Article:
Icelandic Language Blog

Laugadalur – hot spring valley Posted by on Aug 13, 2015 in Icelandic culture, Icelandic history


Near downtown Reykjavík is a historical site that’s almost hidden by all the other activities around it, though the whole area takes its name from this place: Laugadalur, the valley of hot springs, is now better known for the Botanical Garden, one of the best swimming pools of Reykjavík, an ice skating rink and a zoo than of the springs themselves. Perhaps it’s better that way.


This is how the place looks like today. Quite a change to the first picture, right? No more washer women, no more steam, just one little building dedicated to the long history of this site and a filled up hot spring area. I find it’s a good thing that it’s filled up, let me explain the basics…


First of all, Laugadalur was not just a random laundry washing area. It was the poor people who came here to wash their laundry in the free, hot water, that would otherwise have been a luxury far out of their reach. They often washed more than just their own laundry, working as washer women for the rich houses downtown. The text with the picture above explains that women pulled laundry carts instead of horses, two women for each cart. Those who didn’t have that opportunity carried the laundry in large baskets or buckets strapped to their backs and neck.


The work was hard and paid very little, as is typical for washer women everywhere in the world for all history. Besides that it was a year round job no matter the weather, be it sunny, stormy or snow, all the laundry had to be brought from several kilometres’ distance and in the winter most of the work was done in almost absolute darkness – Laugadalur did not have lights until very recently in history.


Washing house of the Thorvald-group, 1888. On this place stood a house that the Thorvald-group let build and gave to the city as a present. It offered blessed cover for those who toiled here washing laundry up until 1930.

The house this memorial plaque is for is gone now, but no doubt the washer women welcomed the opportunity of having a shelter from the weather!


Björg Sigurðardóttir, a 27 year old washer woman, looks at you from one of the info signs with haunting eyes. Not long after this photo was taken she was dead, gone in the same way as so many other washer women before her – by falling in the spring.

Laugadalur springs were natural springs and the temperature of the water was close to boiling. Every now and then a woman would accidentally slip, especially in the winter when the ground was icy, and fall in the water dying either by drowning (weighed down by laundry baskets tied to their backs) or of horrible burns. Children fell in the springs too – it was technically speaking banned to bring children in the area particularly because it was so dangerous, but a poor woman really had no choice in the matter. Besides children were often put to work alongside their mothers and a girl of 14 was already considered a washing woman, fully learned and capable of doing her own work. According to one sign a popular sport for the children was to jump over the ditches full of boiling water…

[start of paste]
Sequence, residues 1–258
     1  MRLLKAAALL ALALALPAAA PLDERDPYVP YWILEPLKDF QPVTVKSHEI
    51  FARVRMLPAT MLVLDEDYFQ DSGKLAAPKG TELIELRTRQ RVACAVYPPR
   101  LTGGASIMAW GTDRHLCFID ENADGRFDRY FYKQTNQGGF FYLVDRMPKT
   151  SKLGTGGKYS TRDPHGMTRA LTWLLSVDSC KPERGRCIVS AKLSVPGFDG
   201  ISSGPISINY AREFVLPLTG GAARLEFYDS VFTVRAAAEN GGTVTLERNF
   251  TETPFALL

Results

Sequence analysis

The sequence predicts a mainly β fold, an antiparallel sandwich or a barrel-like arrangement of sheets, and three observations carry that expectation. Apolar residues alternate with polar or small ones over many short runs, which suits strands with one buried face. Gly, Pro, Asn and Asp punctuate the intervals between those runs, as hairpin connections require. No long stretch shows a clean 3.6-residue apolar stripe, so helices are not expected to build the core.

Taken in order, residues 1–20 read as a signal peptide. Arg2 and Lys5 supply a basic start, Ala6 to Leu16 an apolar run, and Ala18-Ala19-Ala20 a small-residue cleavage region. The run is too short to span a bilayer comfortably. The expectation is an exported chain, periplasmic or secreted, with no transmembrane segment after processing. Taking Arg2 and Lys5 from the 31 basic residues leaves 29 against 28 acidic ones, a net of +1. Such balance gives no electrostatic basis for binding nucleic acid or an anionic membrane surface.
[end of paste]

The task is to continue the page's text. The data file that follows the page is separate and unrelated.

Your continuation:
“Nothing against boiling a few more women alive” says the title. It comes from an angry article in Fjallkonan, a newspaper, where the author expressed their anger that nothing had been done to stop people from falling in the springs. Later on a series of metal arcs was put over the spring, probably much to the relief of the author who ended their article with a pessimistic note: “But it may be that people find this (the ironwork) unnecessary and see nothing against boiling a few more women in the springs.”

The answer to why the iron grate was finally made may be in the sad fate of Björg. Before her the two previous victims had been old women, and awful as it is people don’t see such accidents as striking as the loss of a woman age 27 who was also pregnant at the time of her death. To add to the tragedy she had a husband and a three year old son, and she worked as a specialist washing up and starching priest collars. That was what she had been doing on the day of the accident as well and was already finishing the work when she slipped and fell into the spring. A nearby washer woman helped her up, she was put on a laundry cart and wheeled several kilometres home downtown where she died three days later. No wonder that an accident like this shook the city of Reykjavík sufficiently for the safety irons to appear.


Children (= small people) says this sign. It describes both children at play and child labour, and how the ban on bringing children to the area was useless.

This is why I find it good that the pools of hot water are gone, they were dangerous and horrific accidents were all too common in Laugadalur. After reading through all the info signs I wanted to hug and kiss my washing machine out of sheer happiness that the days when this kind of work was a necessity for the poor were behind. The grass that now grows on the bottom of the spring pools marks, perhaps better than any memorial or info sign ever could, that no one needs to come here to risk their lives daily anymore.


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About the Author: hulda

Hi, I'm Hulda, originally Finnish but now living in the suburbs of Reykjavík. I'm here to help you in any way I can if you're considering learning Icelandic. Nice to meet you!